Washing Feet

“Pugh! I am not touching his feet.”  Such may be the reaction one would get today to the idea of washing another’s feet.

However, the washing of feet is commended in the Bible (Luke 7:36-46; John 13:3-14; 1 Timothy 5:9-10). How should we understand this?

First, we should understand the need. Feet were washed to remove dirt (John 13:10). In that ancient area of the world, people did not wear shoes as we do today. Instead, they commonly wore sandals. The most commonly used form of transportation was walking. The land was dry and dusty. Feet became caked with dirt and grime.

Second, washing feet was a common occurrence. Sometimes one did such for oneself (Genesis 18:3-5; 19:2; Judges 19:21; 2 Samuel 11:8). Sometimes servants performed this task (cf 1 Samuel 25:41). The washing of the feet was a common routine which was done prior to sitting down to eat [(Genesis 18:3-5; Judges 19:21). They typically ate reclined around a low table]. It was also common when welcoming one into his home (Luke 7:36-46).

Third, the washing of the feet is connected with hospitality (Genesis 18:2-5; 19:1-3; Judges 19:21; 1 Samuel 25:41; 2 Samuel 11:8; Luke 7:38, 44-46; 1 Timothy 5:10). It is an act of hospitality, and not an act of worship.

There is reason to conclude that this is cultural. The New Testament does not originate the practice. Instead, it appeals to a common existing practice, an act of hospitality.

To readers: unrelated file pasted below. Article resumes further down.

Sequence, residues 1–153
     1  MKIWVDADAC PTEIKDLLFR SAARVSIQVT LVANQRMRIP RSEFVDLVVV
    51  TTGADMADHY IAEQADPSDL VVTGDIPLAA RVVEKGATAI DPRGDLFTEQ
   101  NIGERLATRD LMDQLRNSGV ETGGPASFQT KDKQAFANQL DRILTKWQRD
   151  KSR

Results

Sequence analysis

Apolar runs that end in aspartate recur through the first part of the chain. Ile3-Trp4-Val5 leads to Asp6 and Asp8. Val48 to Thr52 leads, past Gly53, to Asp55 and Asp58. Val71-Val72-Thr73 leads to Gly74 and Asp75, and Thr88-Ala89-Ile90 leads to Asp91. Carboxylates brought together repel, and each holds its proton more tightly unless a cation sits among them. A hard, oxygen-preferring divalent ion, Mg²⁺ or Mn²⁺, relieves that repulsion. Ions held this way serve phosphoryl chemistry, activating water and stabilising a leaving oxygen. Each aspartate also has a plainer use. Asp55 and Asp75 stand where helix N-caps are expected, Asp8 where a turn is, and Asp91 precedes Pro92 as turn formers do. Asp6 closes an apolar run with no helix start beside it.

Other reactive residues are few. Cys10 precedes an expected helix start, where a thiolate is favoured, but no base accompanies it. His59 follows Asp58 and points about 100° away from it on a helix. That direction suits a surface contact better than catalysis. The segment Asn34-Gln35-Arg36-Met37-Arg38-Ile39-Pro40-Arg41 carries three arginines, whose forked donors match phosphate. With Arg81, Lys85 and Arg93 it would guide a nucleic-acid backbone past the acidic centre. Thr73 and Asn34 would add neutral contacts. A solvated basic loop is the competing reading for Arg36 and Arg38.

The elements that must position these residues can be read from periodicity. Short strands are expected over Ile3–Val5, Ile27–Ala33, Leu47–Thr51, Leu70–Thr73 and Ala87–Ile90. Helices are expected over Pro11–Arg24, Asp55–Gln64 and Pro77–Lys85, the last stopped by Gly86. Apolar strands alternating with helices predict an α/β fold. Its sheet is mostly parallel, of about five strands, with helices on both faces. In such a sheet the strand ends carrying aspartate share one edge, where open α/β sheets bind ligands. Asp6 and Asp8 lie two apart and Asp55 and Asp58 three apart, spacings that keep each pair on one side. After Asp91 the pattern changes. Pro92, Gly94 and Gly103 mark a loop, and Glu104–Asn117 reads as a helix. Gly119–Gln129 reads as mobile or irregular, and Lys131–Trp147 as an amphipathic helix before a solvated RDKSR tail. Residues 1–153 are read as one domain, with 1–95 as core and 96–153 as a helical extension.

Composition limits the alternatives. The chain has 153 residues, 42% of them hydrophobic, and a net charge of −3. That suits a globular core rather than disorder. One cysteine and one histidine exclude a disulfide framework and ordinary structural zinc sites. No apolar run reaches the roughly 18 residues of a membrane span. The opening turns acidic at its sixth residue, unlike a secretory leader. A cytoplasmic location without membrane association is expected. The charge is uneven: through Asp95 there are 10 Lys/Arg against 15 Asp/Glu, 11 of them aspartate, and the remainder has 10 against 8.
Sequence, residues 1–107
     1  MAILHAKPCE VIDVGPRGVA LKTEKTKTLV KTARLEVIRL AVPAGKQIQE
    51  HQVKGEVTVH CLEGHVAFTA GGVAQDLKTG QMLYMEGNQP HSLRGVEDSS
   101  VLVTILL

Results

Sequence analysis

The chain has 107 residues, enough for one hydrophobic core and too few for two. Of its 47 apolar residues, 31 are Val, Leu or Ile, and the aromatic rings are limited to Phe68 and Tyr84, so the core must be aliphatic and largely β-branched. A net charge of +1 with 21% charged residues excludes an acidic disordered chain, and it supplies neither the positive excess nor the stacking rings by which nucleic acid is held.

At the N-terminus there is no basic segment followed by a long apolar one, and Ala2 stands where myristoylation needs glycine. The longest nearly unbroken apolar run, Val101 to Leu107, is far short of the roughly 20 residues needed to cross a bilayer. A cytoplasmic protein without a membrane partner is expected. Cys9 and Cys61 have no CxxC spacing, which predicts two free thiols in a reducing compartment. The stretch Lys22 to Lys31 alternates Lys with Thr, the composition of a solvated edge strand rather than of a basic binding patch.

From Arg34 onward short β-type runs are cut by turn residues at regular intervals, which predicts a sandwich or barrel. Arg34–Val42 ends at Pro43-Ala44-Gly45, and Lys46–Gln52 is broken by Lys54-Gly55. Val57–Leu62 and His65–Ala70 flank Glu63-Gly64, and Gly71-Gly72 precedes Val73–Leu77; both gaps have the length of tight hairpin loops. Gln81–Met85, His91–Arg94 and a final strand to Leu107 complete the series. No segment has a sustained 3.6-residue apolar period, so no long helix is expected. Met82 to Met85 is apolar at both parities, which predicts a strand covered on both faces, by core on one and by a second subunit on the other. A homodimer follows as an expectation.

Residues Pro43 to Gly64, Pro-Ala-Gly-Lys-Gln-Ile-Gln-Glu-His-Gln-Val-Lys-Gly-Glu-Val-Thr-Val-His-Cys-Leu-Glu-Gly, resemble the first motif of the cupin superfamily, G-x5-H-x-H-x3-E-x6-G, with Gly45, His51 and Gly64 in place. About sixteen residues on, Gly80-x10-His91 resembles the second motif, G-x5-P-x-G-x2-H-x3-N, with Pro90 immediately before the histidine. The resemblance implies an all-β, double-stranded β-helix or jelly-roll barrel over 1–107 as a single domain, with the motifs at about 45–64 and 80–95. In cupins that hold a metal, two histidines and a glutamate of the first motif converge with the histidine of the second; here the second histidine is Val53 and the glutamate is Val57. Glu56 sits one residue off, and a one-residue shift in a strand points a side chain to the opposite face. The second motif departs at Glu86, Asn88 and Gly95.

However, there are principles which transcend culture. (1) We are to be humble servants. J.W. McGarvey commented, “Jesus did not institute feet-washing; he found it already a familiar custom of the land, and merely used it as a most appropriate way of showing the proper spirit of humble service” (The Fourfold Gospel, p. 650). There was a need. Feet needed to be cleaned. There was action. Jesus girded himself, and went to work (John 13:4-5). We are to be girded with humility (1 Peter 5:5 ASV). None of us should be above washing another’s feet or doing some other dirty job to help another, or show kindness. We are instructed “Through love serve one another” (Galatians 5:13).

(2) We are to be a hospitable people. We are to be “Given to hospitality” (Romans 12:13). We are to “Be hospitable to one another without grumbling” (1 Peter 4:9).

About Bryan Hodge

I am a minister and missionary to numerous countries around the world.
This entry was posted in culture, Fellowship, Hospitality, Humility, Word Study and tagged , , , , , . Bookmark the permalink.

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